KHARTOUM (Reuters) - Sudan has extended until the end of this year a three-year-old unilateral ceasefire with rebels fighting in three parts of the country, the presidential palace said on Thursday, as Khartoum pushes to end years of civil war and improve its economy.
Thousands of people have been killed in Sudan’s civil wars, including the conflict in the western Darfur region, where rebels have been fighting against President Omar Hassan al-Bashir’s government since 2003.
“President Omar Hassan al-Bashir has issued a presidential decision to extend the ceasefire in all fields of operations until December 31, 2018,” the presidential palace said in a statement.
Ceasefires have been in place in Darfur and the states of South Kordofan and Blue Nile since 2015. Bashir last extended them in March for three months.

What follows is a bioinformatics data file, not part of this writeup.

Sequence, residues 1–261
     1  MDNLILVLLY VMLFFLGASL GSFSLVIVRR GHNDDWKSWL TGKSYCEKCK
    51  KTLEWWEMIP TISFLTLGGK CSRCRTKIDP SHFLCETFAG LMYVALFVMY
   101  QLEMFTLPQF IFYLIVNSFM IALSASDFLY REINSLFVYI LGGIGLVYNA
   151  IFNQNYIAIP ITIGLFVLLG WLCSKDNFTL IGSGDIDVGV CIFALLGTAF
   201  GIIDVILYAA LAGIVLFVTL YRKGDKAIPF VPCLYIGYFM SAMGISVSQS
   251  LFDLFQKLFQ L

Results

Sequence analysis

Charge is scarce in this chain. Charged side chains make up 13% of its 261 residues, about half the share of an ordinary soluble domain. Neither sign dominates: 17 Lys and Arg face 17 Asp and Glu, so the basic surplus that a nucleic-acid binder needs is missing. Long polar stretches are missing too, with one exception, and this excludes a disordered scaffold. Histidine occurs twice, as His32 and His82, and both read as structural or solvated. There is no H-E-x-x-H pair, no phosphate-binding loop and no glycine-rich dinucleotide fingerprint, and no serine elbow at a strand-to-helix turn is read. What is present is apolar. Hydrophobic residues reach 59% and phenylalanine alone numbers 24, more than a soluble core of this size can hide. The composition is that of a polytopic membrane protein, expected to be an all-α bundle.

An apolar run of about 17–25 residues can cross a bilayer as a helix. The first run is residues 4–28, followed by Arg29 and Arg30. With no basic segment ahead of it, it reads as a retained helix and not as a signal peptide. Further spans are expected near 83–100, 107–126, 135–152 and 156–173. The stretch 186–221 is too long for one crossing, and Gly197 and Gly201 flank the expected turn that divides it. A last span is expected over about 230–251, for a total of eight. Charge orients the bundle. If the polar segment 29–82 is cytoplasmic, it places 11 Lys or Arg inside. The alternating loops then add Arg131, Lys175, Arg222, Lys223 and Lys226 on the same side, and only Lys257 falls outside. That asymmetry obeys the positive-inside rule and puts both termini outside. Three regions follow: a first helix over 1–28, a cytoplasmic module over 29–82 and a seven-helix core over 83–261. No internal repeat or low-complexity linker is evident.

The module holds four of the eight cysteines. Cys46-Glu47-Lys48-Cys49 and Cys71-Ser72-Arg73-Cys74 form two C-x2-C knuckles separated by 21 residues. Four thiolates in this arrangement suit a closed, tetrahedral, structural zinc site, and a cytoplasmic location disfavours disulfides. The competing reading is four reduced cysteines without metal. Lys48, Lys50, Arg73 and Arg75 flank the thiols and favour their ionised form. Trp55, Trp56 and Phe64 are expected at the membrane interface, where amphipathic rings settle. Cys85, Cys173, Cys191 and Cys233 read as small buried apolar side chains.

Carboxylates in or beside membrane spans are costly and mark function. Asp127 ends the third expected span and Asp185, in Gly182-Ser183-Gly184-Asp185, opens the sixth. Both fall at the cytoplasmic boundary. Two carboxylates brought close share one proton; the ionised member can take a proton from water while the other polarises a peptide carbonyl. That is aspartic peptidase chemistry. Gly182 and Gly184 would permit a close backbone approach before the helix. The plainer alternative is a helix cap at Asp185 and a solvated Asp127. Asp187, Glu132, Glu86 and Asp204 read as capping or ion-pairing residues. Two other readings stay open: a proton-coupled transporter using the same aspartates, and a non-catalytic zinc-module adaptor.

The fighting in Darfur has subsided over the past three years. In South Kordofan and Blue Nile, members of the rebel Sudan People’s Liberation Army (SPLA) have kept up a fight against Khartoum’s rule even as most of the territory where the SPLA fought for decades became independent South Sudan in 2011.
Bashir has been pushing to end the conflicts in his country as part of efforts to improve the economy, which has suffered more since the south seceded, taking with it three-quarters of oil output.
The president, who is wanted by the International Criminal Court (ICC) in the Hague on charges filed in 2008 over the deaths and persecution of ethnic groups in Darfur between 2003 and 2008, has continued his travels abroad.
Bashir participated in the inauguration of re-elected Turkish President Tayyip Erdogan on Monday and was due to travel to Moscow on Friday. The statement said Bashir would join 25 heads of state who were expected to attend the World Cup final.
Reporting by Khalid Abdelaziz, writing by Sami Aboudi, editing by Gareth Jones